Earth and Moon

How does a desert form?

How does a desert form?

There are atmospheric conditions and climatic regimes that naturally leave behind desert, unproductive lands, with hardly any plants in them.

Numerous actions of man seem to favor and expedite this desert-generating process so that, being aware of it, we can avoid the fatal consequences, slow down the process and even make it reversible. Let's analyze how.

According to scientific estimates, one third of the planet's surface will be deserted in the year 2,100. This may be due to climate change, which implies a radicalization in the climatic seasons. There are more and more dry seasons, with hardly any rainfall and with high temperatures, and humid, with torrential rains, hail and snowfall in levels where, once upon a time, it was unthinkable that it snowed.

The problem of desertification is a closed circle, because when the climate changes to warmer and drier conditions, part of the vegetation dies. When the plants disappear, the soil cannot release moisture into the atmosphere and therefore will not rain. In addition, as there are no roots that support the ground, the soil is dragged by the water in favor of the slope, forming cracks, known as gullies.

Because of the high temperatures and sun exposure, the little water that remains in the soil rises to the surface, evaporating and leaving the soil cracked and flaking by calls drying cracks.

Measures to prevent and correct desertification

To prevent desertification from progressing in an area, degenerating into a desert, the main thing is to get to know the potential loss of soil that could suffer and, for this, two types of methods are often used.

He direct method It is called that because it consists in the direct observation of the degree of erosion that a soil is suffering before our eyes, day by day. For this we talk about:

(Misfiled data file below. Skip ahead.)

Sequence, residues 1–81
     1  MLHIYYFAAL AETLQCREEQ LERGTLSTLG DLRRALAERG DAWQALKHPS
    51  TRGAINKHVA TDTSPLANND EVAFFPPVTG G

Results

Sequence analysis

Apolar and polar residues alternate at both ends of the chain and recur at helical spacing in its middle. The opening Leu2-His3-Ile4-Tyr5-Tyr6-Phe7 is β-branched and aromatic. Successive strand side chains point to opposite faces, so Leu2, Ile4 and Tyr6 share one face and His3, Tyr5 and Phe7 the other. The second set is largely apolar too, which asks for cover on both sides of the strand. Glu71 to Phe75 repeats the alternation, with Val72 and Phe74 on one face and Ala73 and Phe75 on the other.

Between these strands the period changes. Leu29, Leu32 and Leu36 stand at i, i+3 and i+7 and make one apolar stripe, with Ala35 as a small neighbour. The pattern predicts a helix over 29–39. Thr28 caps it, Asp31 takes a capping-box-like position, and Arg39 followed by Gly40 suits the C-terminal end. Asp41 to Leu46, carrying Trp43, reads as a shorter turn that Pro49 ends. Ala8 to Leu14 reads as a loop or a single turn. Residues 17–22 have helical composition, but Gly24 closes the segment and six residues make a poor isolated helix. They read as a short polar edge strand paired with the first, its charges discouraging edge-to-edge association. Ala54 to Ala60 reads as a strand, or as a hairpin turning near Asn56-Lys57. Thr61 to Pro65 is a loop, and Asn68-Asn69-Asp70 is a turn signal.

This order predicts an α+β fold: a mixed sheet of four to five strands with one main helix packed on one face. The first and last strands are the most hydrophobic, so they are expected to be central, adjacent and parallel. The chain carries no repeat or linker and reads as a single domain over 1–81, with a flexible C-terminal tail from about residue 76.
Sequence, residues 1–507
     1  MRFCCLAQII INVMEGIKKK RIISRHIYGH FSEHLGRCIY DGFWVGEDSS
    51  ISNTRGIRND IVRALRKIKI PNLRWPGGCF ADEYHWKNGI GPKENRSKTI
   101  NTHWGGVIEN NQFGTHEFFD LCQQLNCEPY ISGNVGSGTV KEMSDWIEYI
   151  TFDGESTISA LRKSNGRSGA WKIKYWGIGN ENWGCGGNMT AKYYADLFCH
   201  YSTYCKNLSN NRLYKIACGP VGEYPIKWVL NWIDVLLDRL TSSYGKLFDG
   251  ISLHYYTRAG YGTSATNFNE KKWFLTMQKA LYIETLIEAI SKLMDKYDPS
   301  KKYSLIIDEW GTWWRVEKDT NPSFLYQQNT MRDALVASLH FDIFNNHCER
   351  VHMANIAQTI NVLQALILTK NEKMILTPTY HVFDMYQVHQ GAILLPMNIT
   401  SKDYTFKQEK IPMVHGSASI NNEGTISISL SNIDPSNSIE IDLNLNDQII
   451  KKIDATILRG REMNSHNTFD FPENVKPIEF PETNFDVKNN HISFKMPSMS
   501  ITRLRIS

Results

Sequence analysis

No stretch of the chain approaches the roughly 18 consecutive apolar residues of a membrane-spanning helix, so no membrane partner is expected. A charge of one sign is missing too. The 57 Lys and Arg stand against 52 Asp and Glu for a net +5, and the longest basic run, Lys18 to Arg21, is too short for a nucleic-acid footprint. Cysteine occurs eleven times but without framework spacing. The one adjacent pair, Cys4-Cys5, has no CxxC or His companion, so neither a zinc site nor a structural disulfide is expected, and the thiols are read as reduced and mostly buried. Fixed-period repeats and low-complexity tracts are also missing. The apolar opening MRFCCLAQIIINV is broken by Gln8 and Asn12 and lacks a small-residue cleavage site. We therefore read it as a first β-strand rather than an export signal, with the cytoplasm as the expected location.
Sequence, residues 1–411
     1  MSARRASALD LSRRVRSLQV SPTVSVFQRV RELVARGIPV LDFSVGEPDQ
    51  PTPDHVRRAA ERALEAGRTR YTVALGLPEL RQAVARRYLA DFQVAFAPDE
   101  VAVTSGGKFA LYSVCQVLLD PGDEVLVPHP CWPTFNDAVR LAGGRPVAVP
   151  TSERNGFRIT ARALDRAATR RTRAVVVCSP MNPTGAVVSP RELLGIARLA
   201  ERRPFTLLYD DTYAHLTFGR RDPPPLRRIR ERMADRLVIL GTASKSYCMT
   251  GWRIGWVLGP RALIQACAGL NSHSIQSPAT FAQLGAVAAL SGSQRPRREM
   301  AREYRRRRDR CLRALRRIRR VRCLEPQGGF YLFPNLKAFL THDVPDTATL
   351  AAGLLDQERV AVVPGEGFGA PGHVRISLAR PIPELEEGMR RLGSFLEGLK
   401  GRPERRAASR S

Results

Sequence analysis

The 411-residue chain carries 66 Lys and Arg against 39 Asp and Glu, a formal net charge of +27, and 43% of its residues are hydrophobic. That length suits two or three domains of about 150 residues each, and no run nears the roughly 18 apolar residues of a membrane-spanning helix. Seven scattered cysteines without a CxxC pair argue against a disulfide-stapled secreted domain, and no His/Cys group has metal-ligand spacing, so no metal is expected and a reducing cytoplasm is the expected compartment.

physical indicators: which consist of nails or rods with certain marks placed vertically on the ground in certain areas with slopes. After a time of measuring the landmarks, the amount of soil that is lost can be estimated, if they have tilted with respect to the vertical (it would report a potential danger of landslide), if cracks have appeared (warning of the formation of gullies), appearance of clear spots on the ground (accumulation of salts by evapotranspiration), etc.

biological indicators: an area is chosen in which the evolution of vegetation will be studied over time. Depending on it, different degrees of erosion will be distinguished: zero (vegetation remains dense, without showing bare roots), low (cleared vegetation, with slight exposure of roots and erosion pedestals or accumulation of sand and stones less than one centimeter high next to the roots), medium (cleared vegetation, with pedestals 1-5 cm high), tall (sparse vegetation with pedestals 5-10 cm high) and very high (formation of ravines and gullies, with hardly any vegetation).

He indirect method it consists of the so-called "universal equation of soil loss" or USLE Universal Soil Loss Equation) developed in the United States around 1930, although it did not begin to be used until 1965.

This equation has this form: A = RKLSCP where A is the loss of soil in the area considered, R measures the erodibility caused by rain, L corresponds to the length or extent of the slope, S is another parameter related to the slope, C depends on the use that has been given to the soil (used for cultivation, or for livestock, or to build a house, etc.) and P relates the loss of the soil with the mechanics that it has suffered (construction of terraces, plowing in parallel lines, plowing following the curves of the ground, etc.).

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Desertification and desertificationDeserts created by man